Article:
That’s prety slick. I don’t think I’d use it at work because of the potential of misuse/policy but it’s still neat. I’ve been using a free program on my Mac for years. Jiggler…… Works great.

  5. 5
    rowan says:

    Question: Would this work for websites that time you out? Some banking websites are especially aggressive this way. Or do sites that time you out depend on actual clicks to confirm you’re still there (so just having the mouse jiggle wouldn’t help)?

  6. 6
    Dennis says:

    I can have multiple sessions open that will lock up if I just turn away briefly – and then I’m constantly logging back in. This helps prevent some of that activity. My office is locked – and I’m very practiced at locking my screen as I leave.

    The giggler is also great for those making presentations from a corporate laptop that has screen saver policy restrictions in place. A large company like IBM makes a presentation to our department – and after a certain period the screen saver locks them out. I/T policy is often a cookie cutter approach and pushed out the same way to everyone – including those that need something more in tune with their needs.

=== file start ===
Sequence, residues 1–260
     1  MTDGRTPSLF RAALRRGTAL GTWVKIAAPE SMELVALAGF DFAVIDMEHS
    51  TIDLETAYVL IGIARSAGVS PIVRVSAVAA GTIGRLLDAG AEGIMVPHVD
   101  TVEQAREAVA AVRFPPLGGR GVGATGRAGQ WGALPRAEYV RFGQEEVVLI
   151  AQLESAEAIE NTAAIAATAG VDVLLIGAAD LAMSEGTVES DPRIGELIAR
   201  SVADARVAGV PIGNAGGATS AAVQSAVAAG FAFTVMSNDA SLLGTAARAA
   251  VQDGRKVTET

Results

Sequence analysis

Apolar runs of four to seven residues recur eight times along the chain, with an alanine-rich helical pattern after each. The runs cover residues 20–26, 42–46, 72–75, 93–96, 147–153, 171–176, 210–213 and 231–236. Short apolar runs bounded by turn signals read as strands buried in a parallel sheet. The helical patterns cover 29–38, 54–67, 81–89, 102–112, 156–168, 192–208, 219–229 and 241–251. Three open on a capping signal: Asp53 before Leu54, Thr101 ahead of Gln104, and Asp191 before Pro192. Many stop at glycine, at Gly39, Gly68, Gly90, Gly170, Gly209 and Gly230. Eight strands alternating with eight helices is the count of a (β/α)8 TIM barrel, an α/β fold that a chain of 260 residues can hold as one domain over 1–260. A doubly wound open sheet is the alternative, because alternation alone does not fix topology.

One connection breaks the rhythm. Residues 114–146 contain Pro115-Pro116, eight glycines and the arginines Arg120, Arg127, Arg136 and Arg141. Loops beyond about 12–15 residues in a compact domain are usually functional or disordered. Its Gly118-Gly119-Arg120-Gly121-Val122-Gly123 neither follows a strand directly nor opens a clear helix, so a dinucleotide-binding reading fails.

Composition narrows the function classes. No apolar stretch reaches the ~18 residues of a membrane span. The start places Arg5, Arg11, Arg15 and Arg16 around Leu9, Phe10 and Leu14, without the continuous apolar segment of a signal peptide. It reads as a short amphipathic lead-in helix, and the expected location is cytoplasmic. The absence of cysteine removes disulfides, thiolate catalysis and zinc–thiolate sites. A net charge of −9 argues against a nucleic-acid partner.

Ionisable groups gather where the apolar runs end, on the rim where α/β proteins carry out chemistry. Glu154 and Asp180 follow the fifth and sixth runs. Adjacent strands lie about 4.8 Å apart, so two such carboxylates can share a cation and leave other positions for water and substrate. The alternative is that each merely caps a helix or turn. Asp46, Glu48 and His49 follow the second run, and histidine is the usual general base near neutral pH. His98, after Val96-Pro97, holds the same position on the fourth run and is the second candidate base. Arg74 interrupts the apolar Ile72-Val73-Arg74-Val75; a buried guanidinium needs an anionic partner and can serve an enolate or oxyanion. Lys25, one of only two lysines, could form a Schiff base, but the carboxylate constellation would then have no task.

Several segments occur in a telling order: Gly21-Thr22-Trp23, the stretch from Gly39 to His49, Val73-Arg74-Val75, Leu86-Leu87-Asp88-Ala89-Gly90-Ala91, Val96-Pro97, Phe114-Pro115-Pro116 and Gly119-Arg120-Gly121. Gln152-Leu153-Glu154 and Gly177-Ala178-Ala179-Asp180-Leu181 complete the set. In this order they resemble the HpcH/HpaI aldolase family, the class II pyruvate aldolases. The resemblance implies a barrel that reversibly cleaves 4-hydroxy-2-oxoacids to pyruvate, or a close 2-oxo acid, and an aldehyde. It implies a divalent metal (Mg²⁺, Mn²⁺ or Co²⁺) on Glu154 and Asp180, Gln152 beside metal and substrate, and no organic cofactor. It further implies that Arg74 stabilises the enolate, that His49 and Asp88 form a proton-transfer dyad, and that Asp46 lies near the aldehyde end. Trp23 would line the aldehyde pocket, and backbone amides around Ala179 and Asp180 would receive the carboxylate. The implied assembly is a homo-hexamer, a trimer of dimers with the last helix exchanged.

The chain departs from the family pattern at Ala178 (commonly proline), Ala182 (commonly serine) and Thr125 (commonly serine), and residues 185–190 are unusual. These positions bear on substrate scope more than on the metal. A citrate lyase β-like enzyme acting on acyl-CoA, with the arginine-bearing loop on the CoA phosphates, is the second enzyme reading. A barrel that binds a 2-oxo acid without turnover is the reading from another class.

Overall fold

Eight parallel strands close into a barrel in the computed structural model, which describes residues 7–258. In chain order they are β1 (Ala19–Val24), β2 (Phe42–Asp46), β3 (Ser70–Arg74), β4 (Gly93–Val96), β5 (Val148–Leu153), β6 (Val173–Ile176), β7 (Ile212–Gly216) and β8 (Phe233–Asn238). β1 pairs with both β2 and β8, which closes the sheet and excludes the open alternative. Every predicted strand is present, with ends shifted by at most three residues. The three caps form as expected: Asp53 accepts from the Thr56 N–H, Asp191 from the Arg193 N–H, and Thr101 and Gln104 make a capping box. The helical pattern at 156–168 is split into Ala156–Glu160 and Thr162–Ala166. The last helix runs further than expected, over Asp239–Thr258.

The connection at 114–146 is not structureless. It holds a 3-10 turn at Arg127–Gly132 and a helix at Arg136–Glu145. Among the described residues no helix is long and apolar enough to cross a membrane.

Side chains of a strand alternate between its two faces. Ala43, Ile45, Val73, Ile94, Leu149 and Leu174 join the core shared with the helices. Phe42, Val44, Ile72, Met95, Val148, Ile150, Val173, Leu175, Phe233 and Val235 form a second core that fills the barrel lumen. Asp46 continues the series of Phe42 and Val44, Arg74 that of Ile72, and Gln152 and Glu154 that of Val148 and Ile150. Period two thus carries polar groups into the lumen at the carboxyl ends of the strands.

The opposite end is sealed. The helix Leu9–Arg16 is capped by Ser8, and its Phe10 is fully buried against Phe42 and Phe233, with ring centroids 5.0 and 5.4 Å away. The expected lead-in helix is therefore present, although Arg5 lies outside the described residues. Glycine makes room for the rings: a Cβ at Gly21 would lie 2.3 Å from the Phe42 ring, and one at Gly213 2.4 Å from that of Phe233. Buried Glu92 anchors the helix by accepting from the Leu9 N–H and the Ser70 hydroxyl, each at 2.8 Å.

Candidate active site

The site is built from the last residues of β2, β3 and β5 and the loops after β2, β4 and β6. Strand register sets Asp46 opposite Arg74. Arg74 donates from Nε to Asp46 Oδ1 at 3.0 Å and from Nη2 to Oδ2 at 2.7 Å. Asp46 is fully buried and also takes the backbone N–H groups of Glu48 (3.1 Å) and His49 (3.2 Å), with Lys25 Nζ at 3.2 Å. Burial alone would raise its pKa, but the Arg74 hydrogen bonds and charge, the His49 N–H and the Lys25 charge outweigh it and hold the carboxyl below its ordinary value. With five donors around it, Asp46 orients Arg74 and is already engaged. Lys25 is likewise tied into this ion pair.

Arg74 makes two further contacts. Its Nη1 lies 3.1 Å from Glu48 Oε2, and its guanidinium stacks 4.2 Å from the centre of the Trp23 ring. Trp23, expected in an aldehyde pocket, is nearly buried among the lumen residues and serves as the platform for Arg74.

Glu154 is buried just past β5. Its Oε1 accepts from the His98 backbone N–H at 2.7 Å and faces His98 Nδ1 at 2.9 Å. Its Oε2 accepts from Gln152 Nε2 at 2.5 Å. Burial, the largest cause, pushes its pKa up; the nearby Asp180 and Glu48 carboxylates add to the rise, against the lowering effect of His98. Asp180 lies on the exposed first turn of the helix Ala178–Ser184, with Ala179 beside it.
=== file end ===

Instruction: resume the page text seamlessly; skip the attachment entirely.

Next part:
The only downside I’ve seen while using device – is when playing video from a web source. Some web based video players will bring up a tool bar when the mouse moves – so you have the video player’s tool bar coming up every so often in those cases.

  7. 7
    Dennis K says: